CODE ORANGE CD

RELEASE. 5 p.m. Saturday, March 14. Roxian Theatre, 425 Chartiers Ave., McKees Rocks. $28-30 www. roxianlive.com

PITTSBURGH CURRENT | FEBRUARY 25, 2020 | 11


MUSIC

Action Camp's Maura Jacob (Photo: Dave Rubin)

SHARED EXPERIENCE

LONG-RUNNING TRIO ACTION CAMP CELEBRATES THE RELEASE OF A NEW SINGLE WITH A SKILL-SHARE EVENT BY MIKE SHANLEY - PITTSBURGH CURRENT CONTRIBUTING WRITER INFO@PITTSBURGHCURRENT.COM

M

aura Jacob has ideas about how a band can work. “Bands are not just about how good of a musician you are, or how much do you agree about music or the art that you make,” says the bassist of Action Camp. “A lot of it is also personalities and relationships.” Jacob met Bengt Alexsander when both worked at a coffee shop in Boston. She was attending Boston University and had never played in a band, though she had sung in choirs for years. Multi-instrumentalist Alexsander was studying audio engineering and graphic design. Their musical tastes overlapped, so it wasn’t long before Jacob picked up the bass and they started

playing music together. That was 14 years ago. Action Camp’s discography now includes 11 releases of darkly arresting music ranging from albums to singles. Eventually Jacob moved back to her hometown of Pittsburgh in 2008, and Alexsander followed a few months later. After using programmed drum tracks for several years, the duo brought drummer Joe Tarowsky into the fold in 2016. When Jacob talks about the way Action Camp operates, from her approach to the bass to the trio’s approach overall, everyone plays an equal role. “I respect Bengt as a musician and a person. I respect Joe as a person and a musician,” she says.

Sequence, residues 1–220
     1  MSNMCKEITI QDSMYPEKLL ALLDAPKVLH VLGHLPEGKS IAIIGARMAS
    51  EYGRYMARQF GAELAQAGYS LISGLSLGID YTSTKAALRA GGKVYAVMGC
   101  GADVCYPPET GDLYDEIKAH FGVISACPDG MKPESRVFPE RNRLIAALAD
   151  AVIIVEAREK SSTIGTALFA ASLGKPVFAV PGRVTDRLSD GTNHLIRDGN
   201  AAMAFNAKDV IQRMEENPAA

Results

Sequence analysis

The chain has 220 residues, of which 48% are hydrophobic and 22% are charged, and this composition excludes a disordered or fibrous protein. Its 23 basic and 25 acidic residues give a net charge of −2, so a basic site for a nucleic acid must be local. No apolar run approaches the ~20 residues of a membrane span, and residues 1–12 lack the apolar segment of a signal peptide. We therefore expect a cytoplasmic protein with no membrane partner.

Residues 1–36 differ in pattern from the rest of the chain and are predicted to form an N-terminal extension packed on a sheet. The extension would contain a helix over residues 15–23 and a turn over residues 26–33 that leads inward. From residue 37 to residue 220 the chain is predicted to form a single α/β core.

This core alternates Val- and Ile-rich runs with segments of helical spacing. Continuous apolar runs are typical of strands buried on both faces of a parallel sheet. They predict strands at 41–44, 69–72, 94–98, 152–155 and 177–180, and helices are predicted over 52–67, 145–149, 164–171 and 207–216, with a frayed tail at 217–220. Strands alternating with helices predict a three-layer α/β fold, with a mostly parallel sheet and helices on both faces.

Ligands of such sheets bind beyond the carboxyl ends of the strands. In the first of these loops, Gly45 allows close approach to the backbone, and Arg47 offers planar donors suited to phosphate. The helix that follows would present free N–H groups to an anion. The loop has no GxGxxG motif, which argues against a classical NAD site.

12 | FEBRUARY 25, 2020 | PITTSBURGH CURRENT

[We’re] trying to keep that in the forefront as we work together.” The group plans to release a new full-length album later this year, and they’re releasing the single, “Dissonance,” this weekend. Rather than go the usual route of hosting a release show with a live set, they’re presenting it as part of a skill-share event which aims to offer information to other musicians and artists. In addition to their recorded output, Action Camp took to the road extensively, with jaunts to the Midwest and up the East Coast. While many bands throw in the towel after a modicum of success, the group has continued unabated, even when Jacob entered graduate school. “I think all of us approach it, not just that it’s fun, but that it’s a genuine need to produce art, period,” she says. “I had people ask, ‘How do you juggle going to practice and writing these things when you’re also in school?’ Honestly, I never really thought about it. You just do it because it’s that important to you. I never sat down and said, ‘Okay, do I do this or do that?’ Nope. I’m going to figure out a way to make these things work together.” Jacob’s background in choirs helped her pick up bass-playing skills and balance them with her vocal duties. “I think about how these two things intertwine with each other. I think that I’ve always done Alto 2 and Soprano 2, all the harmonies in choir,” she says. “So when I think about playing the bass, the bass plays similar roles. It fits in between all the cracks. Initially learning it was kind of hard but once I started to pay attention to the bass not as separate from the vocal but how they mix and mingle together, then it got easier.” That same approach rubbed off on her bandmates. “We all view our individual parts in a way that might be more akin to